Bennington County has two towns, but the Sheriff is located in Bennington. In Massachusetts, most government functions which would otherwise be performed by county governments in other states are performed by town governments. As such, Massachusetts has dissolved many of its county governments, two counties in South Dakota have their county seat and government services centered in a neighboring county
Illinois is a state in the midwestern region of the United States, achieving statehood in 1818. It is the 6th most populous state and 25th largest state in terms of land area, the word Illinois comes from a French rendering of a native Algonquin word. For decades, OHare International Airport has been ranked as one of the worlds busiest airports, Illinois has long had a reputation as a bellwether both in social and cultural terms and politics. With the War of 1812 Illinois growth slowed as both Native Americans and Canadian forces often raided the American Frontier, mineral finds and timber stands had spurred immigration—by the 1810s, the Eastern U. S. Railroads arose and matured in the 1840s, and soon carried immigrants to new homes in Illinois, as well as being a resource to ship their commodity crops out to markets. Railroads freed most of the land of Illinois and other states from the tyranny of water transport. By 1900, the growth of jobs in the northern cities and coal mining in the central and southern areas attracted a new group of immigrants.
Illinois was an important manufacturing center during both world wars, the Great Migration from the South established a large community of African Americans in Chicago, who created the citys famous jazz and blues cultures. Three U. S. presidents have been elected while living in Illinois, Abraham Lincoln, Ulysses S. Grant, Ronald Reagan, whose political career was based in California, was the only U. S. president born and raised in Illinois. Today, Illinois honors Lincoln with its official slogan, Land of Lincoln. The Abraham Lincoln Presidential Library and Museum is located in the capital of Springfield. Illinois is the spelling for the early French Catholic missionaries and explorers name for the Illinois Native Americans. American scholars previously thought the name Illinois meant man or men in the Miami-Illinois language and this etymology is not supported by the Illinois language, as the word for man is ireniwa and plural men is ireniwaki. The name Illiniwek has said to mean tribe of superior men.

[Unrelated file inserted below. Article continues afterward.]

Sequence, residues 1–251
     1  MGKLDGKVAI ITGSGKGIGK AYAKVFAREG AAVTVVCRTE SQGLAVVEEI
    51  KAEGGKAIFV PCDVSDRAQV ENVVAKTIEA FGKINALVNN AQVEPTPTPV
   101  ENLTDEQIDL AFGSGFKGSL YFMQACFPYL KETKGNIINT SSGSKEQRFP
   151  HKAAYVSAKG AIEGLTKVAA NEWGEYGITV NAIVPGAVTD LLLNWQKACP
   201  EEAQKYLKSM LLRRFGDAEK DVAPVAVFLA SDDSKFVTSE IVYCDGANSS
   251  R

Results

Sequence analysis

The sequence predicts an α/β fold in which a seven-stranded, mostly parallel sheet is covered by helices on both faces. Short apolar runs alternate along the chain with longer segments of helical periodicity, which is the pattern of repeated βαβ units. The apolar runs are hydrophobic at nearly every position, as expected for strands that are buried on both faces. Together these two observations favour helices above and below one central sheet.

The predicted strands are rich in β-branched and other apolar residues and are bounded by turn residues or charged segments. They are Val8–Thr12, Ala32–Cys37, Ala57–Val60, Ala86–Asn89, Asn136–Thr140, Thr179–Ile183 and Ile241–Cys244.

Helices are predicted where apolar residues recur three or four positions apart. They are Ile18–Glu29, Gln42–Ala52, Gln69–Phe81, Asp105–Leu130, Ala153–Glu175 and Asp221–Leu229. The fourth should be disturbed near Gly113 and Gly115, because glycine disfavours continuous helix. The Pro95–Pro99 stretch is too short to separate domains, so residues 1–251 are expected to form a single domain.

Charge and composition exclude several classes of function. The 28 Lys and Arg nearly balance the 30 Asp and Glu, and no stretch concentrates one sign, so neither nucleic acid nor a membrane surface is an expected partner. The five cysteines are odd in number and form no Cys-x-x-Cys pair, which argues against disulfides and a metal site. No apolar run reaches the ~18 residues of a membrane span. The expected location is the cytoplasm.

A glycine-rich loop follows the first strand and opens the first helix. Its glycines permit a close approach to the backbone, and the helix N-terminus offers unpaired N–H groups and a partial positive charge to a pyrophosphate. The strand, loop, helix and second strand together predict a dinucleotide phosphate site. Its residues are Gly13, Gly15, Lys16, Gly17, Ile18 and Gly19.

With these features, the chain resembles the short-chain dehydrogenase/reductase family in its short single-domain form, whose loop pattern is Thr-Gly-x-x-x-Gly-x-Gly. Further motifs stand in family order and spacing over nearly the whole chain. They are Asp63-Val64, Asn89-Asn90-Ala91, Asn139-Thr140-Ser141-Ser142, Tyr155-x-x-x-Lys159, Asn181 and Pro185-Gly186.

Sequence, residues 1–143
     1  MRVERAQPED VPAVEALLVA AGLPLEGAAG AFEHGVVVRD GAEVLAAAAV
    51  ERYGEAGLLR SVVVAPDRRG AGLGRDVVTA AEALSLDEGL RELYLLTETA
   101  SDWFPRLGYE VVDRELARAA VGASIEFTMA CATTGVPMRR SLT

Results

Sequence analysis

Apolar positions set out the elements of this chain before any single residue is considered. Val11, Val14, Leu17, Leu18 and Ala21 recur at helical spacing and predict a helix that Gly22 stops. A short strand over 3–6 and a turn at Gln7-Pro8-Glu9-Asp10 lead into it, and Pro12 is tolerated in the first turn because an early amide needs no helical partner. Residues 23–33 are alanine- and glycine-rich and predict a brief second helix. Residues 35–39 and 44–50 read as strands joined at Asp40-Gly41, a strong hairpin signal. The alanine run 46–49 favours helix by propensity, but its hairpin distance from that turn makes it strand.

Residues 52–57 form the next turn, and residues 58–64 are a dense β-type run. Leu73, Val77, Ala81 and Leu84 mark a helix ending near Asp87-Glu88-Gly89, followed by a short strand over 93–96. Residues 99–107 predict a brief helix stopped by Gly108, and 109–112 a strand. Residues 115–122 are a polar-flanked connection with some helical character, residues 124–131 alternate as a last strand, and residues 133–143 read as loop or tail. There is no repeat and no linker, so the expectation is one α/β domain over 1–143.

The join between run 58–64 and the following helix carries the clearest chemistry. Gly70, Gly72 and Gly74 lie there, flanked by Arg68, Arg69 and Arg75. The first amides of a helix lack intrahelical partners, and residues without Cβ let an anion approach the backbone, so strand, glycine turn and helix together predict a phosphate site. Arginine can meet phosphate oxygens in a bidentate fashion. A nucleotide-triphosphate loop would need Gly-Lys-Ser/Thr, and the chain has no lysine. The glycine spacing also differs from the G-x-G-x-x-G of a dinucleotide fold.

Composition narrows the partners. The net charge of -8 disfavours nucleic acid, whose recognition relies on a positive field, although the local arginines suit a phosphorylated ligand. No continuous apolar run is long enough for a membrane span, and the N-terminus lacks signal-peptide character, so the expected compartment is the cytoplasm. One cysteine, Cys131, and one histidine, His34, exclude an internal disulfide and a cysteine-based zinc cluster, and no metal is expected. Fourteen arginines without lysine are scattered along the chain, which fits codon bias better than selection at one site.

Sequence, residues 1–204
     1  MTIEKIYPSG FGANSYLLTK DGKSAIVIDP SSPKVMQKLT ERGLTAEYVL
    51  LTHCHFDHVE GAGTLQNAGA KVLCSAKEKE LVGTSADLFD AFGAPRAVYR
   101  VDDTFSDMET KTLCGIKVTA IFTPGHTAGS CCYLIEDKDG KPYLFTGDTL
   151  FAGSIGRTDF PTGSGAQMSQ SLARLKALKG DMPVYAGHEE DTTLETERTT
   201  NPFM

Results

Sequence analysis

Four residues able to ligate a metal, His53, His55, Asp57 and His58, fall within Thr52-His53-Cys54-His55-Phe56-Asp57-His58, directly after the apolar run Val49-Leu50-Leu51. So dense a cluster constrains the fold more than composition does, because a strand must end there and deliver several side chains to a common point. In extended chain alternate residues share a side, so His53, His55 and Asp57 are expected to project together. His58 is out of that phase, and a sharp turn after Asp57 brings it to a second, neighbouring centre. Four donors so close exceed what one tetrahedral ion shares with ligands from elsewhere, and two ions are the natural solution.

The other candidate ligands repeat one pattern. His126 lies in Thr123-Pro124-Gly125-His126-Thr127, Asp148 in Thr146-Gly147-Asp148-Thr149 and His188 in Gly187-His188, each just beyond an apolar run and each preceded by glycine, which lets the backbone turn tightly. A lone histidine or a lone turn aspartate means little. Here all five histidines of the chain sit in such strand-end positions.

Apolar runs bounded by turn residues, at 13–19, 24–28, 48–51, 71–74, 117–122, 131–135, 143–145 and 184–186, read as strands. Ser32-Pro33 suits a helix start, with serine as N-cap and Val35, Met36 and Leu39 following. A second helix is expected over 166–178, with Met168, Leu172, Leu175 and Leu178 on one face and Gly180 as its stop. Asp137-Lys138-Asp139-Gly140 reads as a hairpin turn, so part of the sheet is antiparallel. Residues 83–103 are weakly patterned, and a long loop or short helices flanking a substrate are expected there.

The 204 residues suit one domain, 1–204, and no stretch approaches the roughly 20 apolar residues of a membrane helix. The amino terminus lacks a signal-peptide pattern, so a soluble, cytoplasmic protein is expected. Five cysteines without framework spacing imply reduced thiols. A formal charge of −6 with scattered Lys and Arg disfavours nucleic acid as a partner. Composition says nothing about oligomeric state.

The name Illinois derives from the Miami-Illinois verb irenwe·wa he speaks the regular way and this was taken into the Ojibwe language, perhaps in the Ottawa dialect, and modified into ilinwe·. The French borrowed these forms, changing the ending to spell it as -ois. The current spelling form, began to appear in the early 1670s, the Illinois name for themselves, as attested in all three of the French missionary-period dictionaries of Illinois, was Inoka, of unknown meaning and unrelated to the other terms. American Indians of successive cultures lived along the waterways of the Illinois area for thousands of years before the arrival of Europeans, the Koster Site has been excavated and demonstrates 7,000 years of continuous habitation
Population density is a measurement of population per unit area or unit volume, it is a quantity of type number density. It is frequently applied to living organisms, and most of the time to humans and it is a key geographical term. Population density is population divided by land area or water volume. Low densities may cause a vortex and lead to further reduced fertility. This is called the Allee effect after the scientist who identified it, commonly this may be calculated for a county, country, another territory, or the entire world. The worlds population is around 7,000,000,000, the worldwide human population density is around 7,000,000,000 ÷510,000,000 =13.7 per km2. If only the Earths land area of 150,000,000 km2 is taken into account and this includes all continental and island land area, including Antarctica. If Antarctica is excluded, population density rises to over 50 people per km2, this number by itself does not give any helpful measurement of human population density. Several of the most densely populated territories in the world are city-states, cities with high population densities are, by some, considered to be overpopulated, though this will depend on factors like quality of housing and infrastructure and access to resources.
Most of the most densely populated cities are in Southeast Asia, though Cairo, for instance, Milwaukee has a greater population density when just the inner city is measured, and the surrounding suburbs excluded. Arithmetic density, The total number of people / area of land, physiological density, The total population / area of arable land. Agricultural density, The total rural population / area of arable land, residential density, The number of people living in an urban area / area of residential land. Urban density, The number of people inhabiting an urban area / total area of urban land, ecological optimum, The density of population that can be supported by the natural resources. S. States by population density Selected Current and Historic City, Ward & Neighborhood Density